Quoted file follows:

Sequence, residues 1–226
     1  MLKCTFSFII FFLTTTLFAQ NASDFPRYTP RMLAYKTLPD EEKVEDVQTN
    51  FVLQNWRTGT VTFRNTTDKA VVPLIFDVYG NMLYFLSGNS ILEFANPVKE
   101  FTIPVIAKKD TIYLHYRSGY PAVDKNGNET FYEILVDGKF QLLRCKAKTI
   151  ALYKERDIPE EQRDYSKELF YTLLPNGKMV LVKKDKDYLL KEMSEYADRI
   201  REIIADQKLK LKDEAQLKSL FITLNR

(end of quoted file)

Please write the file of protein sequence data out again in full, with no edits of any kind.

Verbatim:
Sequence, residues 1–226
     1  MLKCTFSFII FFLTTTLFAQ NASDFPRYTP RMLAYKTLPD EEKVEDVQTN
    51  FVLQNWRTGT VTFRNTTDKA VVPLIFDVYG NMLYFLSGNS ILEFANPVKE
   101  FTIPVIAKKD TIYLHYRSGY PAVDKNGNET FYEILVDGKF QLLRCKAKTI
   151  ALYKERDIPE EQRDYSKELF YTLLPNGKMV LVKKDKDYLL KEMSEYADRI
   201  REIIADQKLK LKDEAQLKSL FITLNR